We who fight monsters
Ours is a war that has swept us into a continuous state of high alert. That’s at the heart of our paranoia.
Remember that last scene in the movie Titanic when the ship is sinking but the band of musicians carries on playing the song “Nearer My God to Thee”? It’s routinely cited to illustrate the utter imbecility of men blinded from the obvious. I have thought of it the same way — except, now, when I try to write these lines. Now, I really wish I could do what those men did. Detach myself from the situation and go on to talk about poetry, and point out the niceties of form and imagery.
I don’t know if you’ve ever noticed but I have guarded this virtual territory of 600-fortnightly-words from the encroachment of the (non-literary) world. But for once, with the kind of week this was, it is impossible to sit tight and buttress one’s own fortress of contemplation. For once, I don’t wish any poetry to bear me off irrevocably elsewhere. I want to be here, now, and understand what’s going on around me.
Poetry and Being
by Sukanta Bhattacharya
No more of this poetry.
Bring on the hard, harsh prose instead.
Let the jingle of verse disappear
And the strong hammer of prose strike.
No need for the serenity of a poem;
Poetry, I give you a break today.
In the regime of hunger, the earth belongs to prose,
The full moon burns like a loaf of bread.
In an essay on war experiences, an American soldier, Nathaniel Fick, makes this acute observation: “One of war’s more jarring traits is that it sweeps normal people into its maelstrom and carries them along to places they never imagined they’d be.” He goes on to recount a routine morning during his duty in Iraq. “I clearly remember munching a granola bar one morning in Iraq when my Marines saw a man sneaking toward us with an AK-47. After giving the order to shoot him, I went back to my breakfast.”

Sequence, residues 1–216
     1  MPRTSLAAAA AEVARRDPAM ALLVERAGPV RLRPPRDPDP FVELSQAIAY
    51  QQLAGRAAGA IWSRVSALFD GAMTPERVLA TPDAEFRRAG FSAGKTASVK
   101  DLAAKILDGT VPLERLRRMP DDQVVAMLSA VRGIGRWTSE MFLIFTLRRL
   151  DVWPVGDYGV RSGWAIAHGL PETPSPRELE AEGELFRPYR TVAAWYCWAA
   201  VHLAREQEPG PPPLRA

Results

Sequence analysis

Our serving military officers will also be full of such tales. Except with one major difference: Fick is lucky that after participating in the war, he could still return to spending time in disinterested contemplation. Not us. At least not most of us — perhaps, the military men and their families stand the best chance, with their residences located in cordoned-off cantonments and housing societies. But even they are hardly safe. Ours is a war that has swept us into a continuous state of high alert. That’s at the heart of our paranoia.
Among this war’s most devastating consequences is that it has robbed us of spaces — physical, mental — of disinterested contemplation. When universities are on terror threat lists and a naval base is under attack less than three kilometres away from your house where you are trying to pen a column on poetry, the only form of contemplation possible is one that entails perpetual anxiety and deep anguish. In Pakistan, whether we like it or not, we are now incapable of disinterested thought. Just hear the discourse. We are all either agitated-thinkers or, thinking-agitators.
Nietzsche, in yet another moment of sublime insight, remarked “He who fights monsters might take care lest he thereby becomes a monster.” The counter-question I have always asked of this question “Is it possible to fight monsters without becoming one?”
I have maintained emphatically, continually, that poetry should be read disinterestedly. But then there are days and weeks, like the past week, when poetry must be rested. But on days that follow, poetry can show us what the mode of our reflection must be.
And irrespective of the answer to my counter-question to Nietzsche, we must take care not to become monsters ourselves. That ought to be the struggle.
Published in The Express Tribune.